Lawrence Brownlee stars in HGO's La Favorite. (Photo by Lynn Lane)
Lawrence Brownlee's commitment to bringing diverse audiences to opera led to HGO's Giving Voice concert.
Rising opera star tenor Russell Thomas will join the Giving Voice concert, as well as play Radames in the HGO production, Aida.
Jamie Barton and Lawrence Brownlee in La Favorite. (Photo by Lynn Lane)
Look and listen for drama on an epic scale in HGO's La Favorite. (Photo by Lynn Lane)
Brownlee calls Barton's performance "incredible." (Photo by Lynn Lane)
When opera superstar Lawrence Brownlee last took the Wortham Center stage in early 2019 for the Houston Grand Opera production of The Pearl Fishers, he noticed something special and wonderful about the casting.
“I looked around and saw how diverse the cast was. The conductor was a person of color, the dancers and actors and everyone else. It was beautifully diverse,” Brownlee tells PaperCity. “I said wouldn’t it be great to have the same type of thing in the audience, that we have a more diverse audience.”
Those onstage observations planted the seeds for a truly unique and rare concert set to melodically flower a year later, Giving Voice: Lawrence Brownlee and Friends Sing Opera, Gospel, and Standards.
Named 2017 “Male Singer of the Year” by both the International Opera Awards and Bachtrack, the American-born Brownlee has collected awards and accolades throughout his career, yet remains committed to community and diversity within opera and bringing opera to diverse audiences.
“One of the things I’ve been passionate about of late is diversity, audience growing, diversity expansion,” he says. “That’s one of the things I’ve wanted to embrace as a mission of mine. I believe we as artists have to be involved in making ourselves a part of the equation where we start to reach out to people.”
Brownlee backs up this mission with an artistic advisor positions at Opera Philadelphia and as a community ambassador at Lyric Opera of Chicago.
His next Houston Grand Opera starring role this month as Fernand in Donizetti’s bel canto drama, La Favorite became the perfect opportunity to bring that commitment to community engagement to Houston. Brownlee approached HGO with the concept for a concert with a blend of music traditions.
“I said I have an idea for this concert and would you be willing to do it,” Brownlee says. “I have to say Houston Grand Opera took this very seriously. I’m grateful that they embraced the idea and wanted to make this a reality.”
Brownlee notes that in January and February HGO pairs La Favorite with a new production of Aida, starring his friend of 20 years, Russell Thomas, who steps into the role of Radames.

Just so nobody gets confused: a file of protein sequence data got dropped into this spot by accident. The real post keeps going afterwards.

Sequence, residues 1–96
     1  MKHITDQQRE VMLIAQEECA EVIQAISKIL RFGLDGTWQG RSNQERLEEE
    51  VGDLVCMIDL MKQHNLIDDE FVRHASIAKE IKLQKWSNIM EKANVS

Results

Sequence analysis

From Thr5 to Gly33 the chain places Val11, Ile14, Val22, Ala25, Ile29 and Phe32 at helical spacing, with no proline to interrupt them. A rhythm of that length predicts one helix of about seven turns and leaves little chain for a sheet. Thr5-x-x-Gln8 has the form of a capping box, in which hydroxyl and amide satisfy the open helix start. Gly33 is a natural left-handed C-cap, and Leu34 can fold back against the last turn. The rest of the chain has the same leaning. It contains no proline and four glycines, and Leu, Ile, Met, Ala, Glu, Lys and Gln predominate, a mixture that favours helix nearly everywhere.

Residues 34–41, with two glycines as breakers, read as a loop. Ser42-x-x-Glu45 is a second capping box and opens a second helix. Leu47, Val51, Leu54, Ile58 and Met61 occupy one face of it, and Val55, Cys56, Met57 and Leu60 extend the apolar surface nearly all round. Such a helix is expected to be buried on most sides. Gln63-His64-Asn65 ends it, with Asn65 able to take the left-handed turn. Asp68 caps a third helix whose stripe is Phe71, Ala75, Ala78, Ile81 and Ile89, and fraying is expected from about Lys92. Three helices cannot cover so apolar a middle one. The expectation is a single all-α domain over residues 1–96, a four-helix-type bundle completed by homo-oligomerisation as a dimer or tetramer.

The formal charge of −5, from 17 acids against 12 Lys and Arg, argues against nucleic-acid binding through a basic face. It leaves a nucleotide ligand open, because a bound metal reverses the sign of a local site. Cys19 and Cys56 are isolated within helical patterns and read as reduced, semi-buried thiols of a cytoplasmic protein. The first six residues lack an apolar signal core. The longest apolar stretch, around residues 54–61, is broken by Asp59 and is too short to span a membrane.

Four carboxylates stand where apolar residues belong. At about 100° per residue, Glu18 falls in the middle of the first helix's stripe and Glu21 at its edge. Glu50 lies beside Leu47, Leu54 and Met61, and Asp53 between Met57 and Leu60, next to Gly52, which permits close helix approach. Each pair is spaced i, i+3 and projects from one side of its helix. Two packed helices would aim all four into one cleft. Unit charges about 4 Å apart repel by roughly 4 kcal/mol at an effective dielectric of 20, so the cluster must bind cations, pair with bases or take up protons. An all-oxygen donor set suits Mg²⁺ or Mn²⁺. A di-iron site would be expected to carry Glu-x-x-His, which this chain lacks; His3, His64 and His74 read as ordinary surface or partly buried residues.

“To have both of us at the same time, two tenors of color in stories that have nothing to do with color, it shows that Houston Grand Opera has a tremendous commitment to color blind casting,” he notes. That casting also lead to perfect scheduling for this extraordinary concert.
“I wanted to capitalize on this time that we have together with both Russell and myself here and some of my other colleagues who are performing in operas who live in the city, to come together and reach out to the community,” Brownlee says.
The majority of those voices Giving Voice have a Houston or HGO connection, including Thomas and Houston native Nicole Heaston, HGO Studio artist Nicholas Newton, former HGO Studio artist Reginald Smith Jr and former Houstonian J’Nai Bridges.
During our talk, Brownlee seemed quite comfortable preparing for this concert of beloved opera classics, spirituals and some modern standards (be on the listen out for a jazz cool “Minnie the Moocher”) while also rehearing for the HGO and personal debut La Favorite.
While one of Donizetti’s most popular operas in his time, the tragic love triangle between the King of Castile, his mistress Léonor (raising star Jamie Barton) and Fernand, the man of God who loves her, is rarely performed now. Perhaps the scarcity of productions lies in Donizetti’s beautiful arias, which Houston Grand Opera calls some of the most challenging every written.
“They are challenging and they are difficult,” agrees Brownlee. “You have these fiendishly difficult roles to cast and so you need people with the wherewithal to be able to equip themselves with this material.
“In the rhythmic variation of this score there’s so much there. There’s no real rhyme or reason why it is diverse. You have two verses of the same thing and then the rhythms are completely different. If you go on automatic pilot from the first verse to the second you’ll be wrong.”
Often acclaimed for his voice but also his comic range in roles, Brownlee says Fernand is also something of a tonal shift for him as a character.
“People who know me know I’m a silly guy,” he tells PaperCity. I like to have fun and be relaxed, just not be too overly serious.”
Still, Brownlee finds himself relishing the challenge of Fernand, a very serious character who experiences many dramatic struggles.
“He has a real internal conflict between his duty to God and his love for this person,” Brownlee says. “At one point in the opera he says: The power of love is stronger than the vow that I made to God. It’s been great to find all these different levels. He goes from being extremely exuberant to nearly out of his mind.
“I like the dramatic range that I get a chance to approach in this more serious opera.”
Brownlee talks about La Favorite with great excitement, noting that it will be a debut for most everyone, cast and creative crew with only Barton, who he calls “incredible” having performed the role before, but in a concert setting.
“It’s nice to put a piece on its feet for the first time with such a caring and supportive staff,” Brownlee says.
HGO presents the concert Giving Voice: Lawrence Brownlee and Friends Sing Opera, Gospel, and Standards on Sunday, January 19. The concert will also be livestreamed on HGO’s Facebook and YouTube pages.
La Favorite runs January 24 through February 9.